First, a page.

Trivium Pursuit

An introductory text on linear thinking and logical fallacies

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The Fallacy Detective: Thirty-Eight Lessons on How to Recognize Bad Reasoning

Reviewed by
Paul Wilson
2012 National Nobel Distinguished Science Educator
Former State Science Education Curriculum Advisor
Science Dept. Chair, Stratford High School

Woody Guthrie once said, “Any fool can make something complicated, but it takes a real genius to make it simple.” I couldn’t agree more. Simplifying a complex and often intimidating subject like logic and logical fallacies seems to be the specialty of the Bluedorn brothers, and they show some real genius in their methodology.

I’m a high school science teacher by trade, and part of that includes teaching a section each year on logic and reasoning. I took courses in logic, reasoning, and apologetics as part of my Master’s degree, and quickly realized the need that many of my students had for introductory logic and thinking skills. However, the obvious problem I was immediately faced with was how best to break down graduate-level concepts and rhetoric into a format that could be easily digested by high school students with no former training in the field. After months of reading different logic textbooks and perusing through multiple curricula, I stumbled upon The Thinking Toolbox: Thirty-five Lessons That Will Build Your Reasoning Skills by the Bluedorn brothers. I ordered it, read through it, and immediately realized it was exactly what I needed for my inexperienced 10th, 11th, and 12th graders. After finishing The Thinking Toolbox, I ordered The Fallacy Detective: Thirty-Eight Lessons on How to Recognize Bad Reasoning. Again I was pleasantly surprised. The workbook edition of The Fallacy Detective takes an already good work and makes it even better. Now the book is almost a stand-alone course on introductory thinking skills and logical fallacies. It is great both for a classroom setting and in the homeschool environment as well.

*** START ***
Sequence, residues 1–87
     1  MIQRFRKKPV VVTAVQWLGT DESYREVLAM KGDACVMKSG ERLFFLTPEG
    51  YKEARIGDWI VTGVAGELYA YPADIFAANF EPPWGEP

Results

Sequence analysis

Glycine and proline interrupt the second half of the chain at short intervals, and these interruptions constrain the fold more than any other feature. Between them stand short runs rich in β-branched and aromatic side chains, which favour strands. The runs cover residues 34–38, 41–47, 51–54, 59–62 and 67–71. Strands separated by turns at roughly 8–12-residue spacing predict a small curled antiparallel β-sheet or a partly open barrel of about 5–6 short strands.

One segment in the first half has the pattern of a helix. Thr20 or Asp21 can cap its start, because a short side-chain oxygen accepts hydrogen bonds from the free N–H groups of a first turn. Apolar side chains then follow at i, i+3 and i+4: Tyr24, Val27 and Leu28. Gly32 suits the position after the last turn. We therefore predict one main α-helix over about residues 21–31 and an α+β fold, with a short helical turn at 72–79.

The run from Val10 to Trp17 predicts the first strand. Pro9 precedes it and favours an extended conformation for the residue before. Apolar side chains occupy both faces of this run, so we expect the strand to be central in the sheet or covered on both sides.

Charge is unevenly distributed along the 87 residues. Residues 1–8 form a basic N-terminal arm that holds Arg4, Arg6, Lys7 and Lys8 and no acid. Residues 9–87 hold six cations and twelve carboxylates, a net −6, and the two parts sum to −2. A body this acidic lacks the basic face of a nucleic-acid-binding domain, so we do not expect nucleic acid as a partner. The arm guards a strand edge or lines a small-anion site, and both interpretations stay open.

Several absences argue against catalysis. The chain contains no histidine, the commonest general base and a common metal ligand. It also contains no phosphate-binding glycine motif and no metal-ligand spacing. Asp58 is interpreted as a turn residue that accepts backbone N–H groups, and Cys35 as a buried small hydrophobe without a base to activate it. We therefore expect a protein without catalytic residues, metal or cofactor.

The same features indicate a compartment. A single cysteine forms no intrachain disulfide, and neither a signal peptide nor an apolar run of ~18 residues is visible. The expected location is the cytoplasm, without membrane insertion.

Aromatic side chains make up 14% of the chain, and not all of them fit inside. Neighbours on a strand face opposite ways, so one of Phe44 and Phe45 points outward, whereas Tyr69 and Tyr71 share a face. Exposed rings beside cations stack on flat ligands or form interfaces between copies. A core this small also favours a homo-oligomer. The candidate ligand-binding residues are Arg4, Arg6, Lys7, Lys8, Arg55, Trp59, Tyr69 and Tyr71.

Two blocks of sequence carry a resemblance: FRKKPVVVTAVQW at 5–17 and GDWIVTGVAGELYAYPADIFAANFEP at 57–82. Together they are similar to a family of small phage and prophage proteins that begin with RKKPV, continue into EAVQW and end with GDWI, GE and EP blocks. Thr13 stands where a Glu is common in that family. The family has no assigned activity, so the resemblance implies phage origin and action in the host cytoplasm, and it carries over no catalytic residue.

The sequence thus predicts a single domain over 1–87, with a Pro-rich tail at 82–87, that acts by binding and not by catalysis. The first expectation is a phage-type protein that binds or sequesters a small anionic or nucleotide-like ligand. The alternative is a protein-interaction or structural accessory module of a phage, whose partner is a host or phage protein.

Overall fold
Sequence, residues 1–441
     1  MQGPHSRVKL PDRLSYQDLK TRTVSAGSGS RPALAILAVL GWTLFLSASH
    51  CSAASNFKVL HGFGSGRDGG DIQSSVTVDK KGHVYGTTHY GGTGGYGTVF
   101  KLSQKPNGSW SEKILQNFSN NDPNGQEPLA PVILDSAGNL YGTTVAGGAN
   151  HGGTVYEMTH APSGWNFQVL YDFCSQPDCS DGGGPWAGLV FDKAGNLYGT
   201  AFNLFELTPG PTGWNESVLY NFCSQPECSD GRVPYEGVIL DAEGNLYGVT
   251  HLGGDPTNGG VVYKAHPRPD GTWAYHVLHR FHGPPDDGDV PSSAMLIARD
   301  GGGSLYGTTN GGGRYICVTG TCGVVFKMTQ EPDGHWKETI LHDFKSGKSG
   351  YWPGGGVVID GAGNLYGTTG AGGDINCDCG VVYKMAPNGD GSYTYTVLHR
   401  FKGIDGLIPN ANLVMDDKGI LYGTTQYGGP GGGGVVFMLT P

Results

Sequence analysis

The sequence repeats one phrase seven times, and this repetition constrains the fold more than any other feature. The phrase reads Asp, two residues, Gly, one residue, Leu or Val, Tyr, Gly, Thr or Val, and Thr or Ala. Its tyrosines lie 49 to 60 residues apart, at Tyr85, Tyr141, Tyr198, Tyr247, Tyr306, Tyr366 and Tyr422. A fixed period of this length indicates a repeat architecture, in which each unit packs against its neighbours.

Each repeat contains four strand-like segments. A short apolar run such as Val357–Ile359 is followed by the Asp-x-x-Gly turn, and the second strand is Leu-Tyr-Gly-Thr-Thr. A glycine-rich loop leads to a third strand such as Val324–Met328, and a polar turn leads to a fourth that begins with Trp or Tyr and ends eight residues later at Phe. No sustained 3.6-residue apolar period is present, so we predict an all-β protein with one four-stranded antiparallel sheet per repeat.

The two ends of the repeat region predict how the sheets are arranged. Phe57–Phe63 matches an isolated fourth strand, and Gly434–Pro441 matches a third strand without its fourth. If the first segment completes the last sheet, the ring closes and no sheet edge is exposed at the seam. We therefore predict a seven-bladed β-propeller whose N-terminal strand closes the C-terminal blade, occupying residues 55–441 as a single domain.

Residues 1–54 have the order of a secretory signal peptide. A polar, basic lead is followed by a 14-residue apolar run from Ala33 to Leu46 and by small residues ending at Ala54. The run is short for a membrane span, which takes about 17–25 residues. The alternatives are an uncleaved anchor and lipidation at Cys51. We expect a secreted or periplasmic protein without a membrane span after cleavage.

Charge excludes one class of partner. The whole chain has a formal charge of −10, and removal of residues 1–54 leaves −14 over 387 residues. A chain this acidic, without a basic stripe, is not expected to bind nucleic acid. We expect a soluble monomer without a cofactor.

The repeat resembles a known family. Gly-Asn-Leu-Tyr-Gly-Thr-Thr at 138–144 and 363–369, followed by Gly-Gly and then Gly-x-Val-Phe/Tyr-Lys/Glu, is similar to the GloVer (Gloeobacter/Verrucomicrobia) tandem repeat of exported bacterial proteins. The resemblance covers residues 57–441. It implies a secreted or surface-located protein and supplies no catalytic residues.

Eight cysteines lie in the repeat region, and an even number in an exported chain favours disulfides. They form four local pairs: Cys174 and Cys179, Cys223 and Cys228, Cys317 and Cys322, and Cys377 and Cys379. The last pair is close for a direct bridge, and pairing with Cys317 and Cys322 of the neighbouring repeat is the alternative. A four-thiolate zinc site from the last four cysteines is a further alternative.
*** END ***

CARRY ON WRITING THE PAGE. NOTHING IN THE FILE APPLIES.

As I stated before, the tough part about teaching a subject as cognitively involved as logic is being able to simplify concepts into terms and illustrations easy enough that the novice learner can grasp it. The Bluedorn brothers have done this masterfully. I count The Thinking Toolbox and The Fallacy Detective books to be the best on the market for introducing young students to the difficult concepts of formal and informal fallacies. In fact, each year when I teach my “critical thinking” section I recommend the Bluedorn’s books to my students. This year I was able to create lesson plans using the information and quizzes in the new workbook edition, and then utilize them in class, which was extremely helpful and a time saver as well.

I think this book in particular (The Fallacy Detective, Workbook Edition) could be used for any young student without much trouble, especially now that it includes exercises to accompany the chapter lessons. I would heartily recommend it for any student (or classroom of students) anywhere from 5th through 12th grade. As an introductory text on linear thinking and logical fallacies, especially for younger learners, this book has no equal. I have been so impressed with the Bluedorn’s work that I bought their entire line for my own children (who are all very young) as well as a copy for a homeschool family that I go to church with. I even bought their DVD set (Logic in 100 Minutes) for my personal library. That should tell you how much I believe in the work these two brothers are doing!

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